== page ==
Virtual Reality… Privacy Risks???

Sorry, hate to sound like a Debbie Downer but… I thought it would interesting to discuss the possible future privacy implications that could arise as VR technology continues to advance.

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While there is much excitement, promise, and curiosity surrounding virtual reality and how it could potentially revolutionize the way people interact with one another, it may pose significant privacy risks through the use of its product and data such as manipulation of user data, data mining, and security breaches.

Since Facebook’s acquisition of Oculus Rift, users have inquired about the safety of their data and user privacy. As has been stated, “Facebook has repeatedly raised the ire of its users by changing privacy policies and further angered the public when it revealed that it has run psychological experiments on users.” The fact that Facebook has a past of secretly running experiments on users without their knowledge to gage emotional patterns is troubling because user knowledge can be easily be manipulated, seen as valuable, and sold to advertisers who are interested in selling their products on Facebook. Adding a virtual platform in the midst of these types of privacy breaches and coupling it with the social media giant, Facebook, may have a huge continued impact on what consumers buy because social media has such strong impact on its users.

Imagine, virtual shopping with advertisements strategically popping up in this reality; advertisements that were chosen by marketers who already know everything about you and have used this knowledge to predict your shopping patterns. This personalization within the virtual experience alone could control the way users shop, mold user interests, detect user preferences, and convince users to buy products by making users think they need something. Whatever privacy risks were present prior to Oculus being acquired by Facebook may be magnified by this acquisition. In addition, given that privacy concerns could be considered a pivotal piece to virtual reality unrest and that Oculus fans as well as potential users are not necessarily fans of Facebook’s history of intentional privacy breaches for profit through target advertising, these privacy concerns could potentially repel users from using the virtual reality technology and cause early adopters to abandon it.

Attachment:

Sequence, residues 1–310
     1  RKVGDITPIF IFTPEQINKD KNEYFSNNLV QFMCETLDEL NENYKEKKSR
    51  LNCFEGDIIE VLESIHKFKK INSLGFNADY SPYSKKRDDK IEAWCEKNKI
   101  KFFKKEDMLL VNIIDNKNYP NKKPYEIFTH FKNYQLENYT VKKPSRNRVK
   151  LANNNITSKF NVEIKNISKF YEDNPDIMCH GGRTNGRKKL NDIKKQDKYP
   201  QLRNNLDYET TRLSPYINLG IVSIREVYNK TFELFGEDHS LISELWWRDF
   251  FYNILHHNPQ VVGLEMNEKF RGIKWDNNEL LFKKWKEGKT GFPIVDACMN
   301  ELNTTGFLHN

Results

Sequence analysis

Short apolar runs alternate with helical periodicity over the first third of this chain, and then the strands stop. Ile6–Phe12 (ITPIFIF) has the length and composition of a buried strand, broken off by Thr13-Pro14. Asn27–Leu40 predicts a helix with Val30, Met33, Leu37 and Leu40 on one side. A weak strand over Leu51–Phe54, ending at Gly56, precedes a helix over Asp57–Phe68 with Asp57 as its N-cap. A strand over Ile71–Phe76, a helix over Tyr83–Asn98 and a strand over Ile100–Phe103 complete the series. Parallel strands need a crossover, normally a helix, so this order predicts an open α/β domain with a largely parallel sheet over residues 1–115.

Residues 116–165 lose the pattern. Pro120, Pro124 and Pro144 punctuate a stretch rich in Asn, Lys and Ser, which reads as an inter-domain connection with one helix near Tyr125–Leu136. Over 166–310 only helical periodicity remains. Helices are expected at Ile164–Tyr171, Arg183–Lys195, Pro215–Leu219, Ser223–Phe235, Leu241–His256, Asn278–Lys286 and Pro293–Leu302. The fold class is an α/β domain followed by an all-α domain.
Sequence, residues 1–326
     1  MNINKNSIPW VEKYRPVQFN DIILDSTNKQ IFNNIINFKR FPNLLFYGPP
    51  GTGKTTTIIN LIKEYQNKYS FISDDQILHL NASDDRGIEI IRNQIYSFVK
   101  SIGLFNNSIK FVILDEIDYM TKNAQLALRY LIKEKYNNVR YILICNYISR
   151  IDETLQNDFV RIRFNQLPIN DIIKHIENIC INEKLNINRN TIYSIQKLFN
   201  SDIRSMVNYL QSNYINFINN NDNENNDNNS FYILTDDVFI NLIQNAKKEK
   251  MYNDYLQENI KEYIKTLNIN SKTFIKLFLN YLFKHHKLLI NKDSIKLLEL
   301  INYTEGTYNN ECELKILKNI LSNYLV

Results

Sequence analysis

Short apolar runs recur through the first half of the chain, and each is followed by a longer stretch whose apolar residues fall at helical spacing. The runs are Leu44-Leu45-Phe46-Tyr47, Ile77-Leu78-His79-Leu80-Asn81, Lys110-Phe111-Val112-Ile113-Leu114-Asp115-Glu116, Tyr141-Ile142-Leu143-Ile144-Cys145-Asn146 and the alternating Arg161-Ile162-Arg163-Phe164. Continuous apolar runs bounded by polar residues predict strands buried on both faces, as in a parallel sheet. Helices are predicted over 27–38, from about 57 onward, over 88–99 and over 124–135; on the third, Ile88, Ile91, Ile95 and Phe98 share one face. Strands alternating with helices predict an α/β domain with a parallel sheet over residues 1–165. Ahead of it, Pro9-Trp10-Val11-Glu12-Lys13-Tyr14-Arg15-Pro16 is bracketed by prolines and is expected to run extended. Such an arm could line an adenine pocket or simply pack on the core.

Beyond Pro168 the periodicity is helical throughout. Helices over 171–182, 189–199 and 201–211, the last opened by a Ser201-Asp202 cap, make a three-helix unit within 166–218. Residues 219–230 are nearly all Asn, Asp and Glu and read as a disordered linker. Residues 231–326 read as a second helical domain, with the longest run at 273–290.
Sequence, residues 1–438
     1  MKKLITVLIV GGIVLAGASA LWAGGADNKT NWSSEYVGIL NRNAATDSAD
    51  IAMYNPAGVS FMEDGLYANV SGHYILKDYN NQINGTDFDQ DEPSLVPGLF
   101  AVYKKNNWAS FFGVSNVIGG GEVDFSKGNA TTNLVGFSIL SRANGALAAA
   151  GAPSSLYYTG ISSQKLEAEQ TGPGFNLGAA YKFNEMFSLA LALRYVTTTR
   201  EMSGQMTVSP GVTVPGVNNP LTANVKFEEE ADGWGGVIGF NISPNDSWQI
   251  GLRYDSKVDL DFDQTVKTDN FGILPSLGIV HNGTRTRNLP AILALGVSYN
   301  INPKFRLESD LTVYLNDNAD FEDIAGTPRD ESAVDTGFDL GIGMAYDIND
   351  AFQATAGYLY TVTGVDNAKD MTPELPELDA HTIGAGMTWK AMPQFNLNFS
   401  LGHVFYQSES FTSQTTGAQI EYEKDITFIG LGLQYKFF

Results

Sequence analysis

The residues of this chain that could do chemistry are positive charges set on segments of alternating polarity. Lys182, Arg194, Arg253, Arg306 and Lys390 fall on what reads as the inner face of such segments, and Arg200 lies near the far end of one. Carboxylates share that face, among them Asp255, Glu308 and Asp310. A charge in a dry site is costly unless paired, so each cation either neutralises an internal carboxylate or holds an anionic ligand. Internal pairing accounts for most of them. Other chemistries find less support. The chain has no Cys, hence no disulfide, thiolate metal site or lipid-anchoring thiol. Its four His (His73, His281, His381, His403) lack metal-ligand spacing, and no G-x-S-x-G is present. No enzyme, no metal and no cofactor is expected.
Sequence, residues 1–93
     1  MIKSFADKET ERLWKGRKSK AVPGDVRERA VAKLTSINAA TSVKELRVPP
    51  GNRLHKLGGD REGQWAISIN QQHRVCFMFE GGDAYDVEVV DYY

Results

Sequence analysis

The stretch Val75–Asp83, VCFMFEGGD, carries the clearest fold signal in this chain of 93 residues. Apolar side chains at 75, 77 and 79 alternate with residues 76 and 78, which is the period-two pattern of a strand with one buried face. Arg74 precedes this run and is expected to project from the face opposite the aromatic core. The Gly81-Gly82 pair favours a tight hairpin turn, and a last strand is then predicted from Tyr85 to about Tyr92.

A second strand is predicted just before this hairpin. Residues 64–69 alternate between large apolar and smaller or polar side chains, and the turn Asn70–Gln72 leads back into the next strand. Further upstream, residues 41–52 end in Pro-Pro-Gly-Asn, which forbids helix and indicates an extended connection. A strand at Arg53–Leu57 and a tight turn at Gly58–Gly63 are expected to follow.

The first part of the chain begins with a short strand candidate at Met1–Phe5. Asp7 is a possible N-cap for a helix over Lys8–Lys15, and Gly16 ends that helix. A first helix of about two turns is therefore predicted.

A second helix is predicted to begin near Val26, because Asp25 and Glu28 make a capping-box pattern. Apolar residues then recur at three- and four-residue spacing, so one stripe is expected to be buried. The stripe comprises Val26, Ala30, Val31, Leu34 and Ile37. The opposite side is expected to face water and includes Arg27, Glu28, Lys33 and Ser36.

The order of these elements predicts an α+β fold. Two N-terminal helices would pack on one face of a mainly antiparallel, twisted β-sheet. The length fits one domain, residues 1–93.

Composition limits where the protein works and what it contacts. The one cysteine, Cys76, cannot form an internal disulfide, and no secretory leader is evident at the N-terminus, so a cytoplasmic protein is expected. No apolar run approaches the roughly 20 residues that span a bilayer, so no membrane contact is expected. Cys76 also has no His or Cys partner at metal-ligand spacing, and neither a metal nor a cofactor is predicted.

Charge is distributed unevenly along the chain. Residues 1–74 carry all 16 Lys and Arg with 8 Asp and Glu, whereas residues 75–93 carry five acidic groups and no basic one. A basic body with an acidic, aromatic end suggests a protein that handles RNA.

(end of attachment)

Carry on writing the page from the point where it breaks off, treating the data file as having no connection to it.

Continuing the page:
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For instance, for Oculus to work, it collects “precise, low-latency positional tracking”, this is a necessity for the virtual experience to produce a natural and realistic user experience. Oculus records eye movement, head movement, eye focus, length of time of eye focus, and all manner of user behavior to enhance and create the most intuitive virtual experience. As has been reported, for the virtual reality experience to work, Oculus needs access to the user’s senses. Oculus Rift is “seeing someone’s web search history is one thing; having access to visual senses, even in a simulated space, suggests something closer to reading the mind.” Someone else can quite possibly choose how you live. Oculus Rift can be used for data surveillance in which consumers may be effectively controlled by the creators who make these realities, and more notably, those who fund them can have an impact on consumers’ views as well as what consumers think they need to buy through some flavor of marketing and advertising.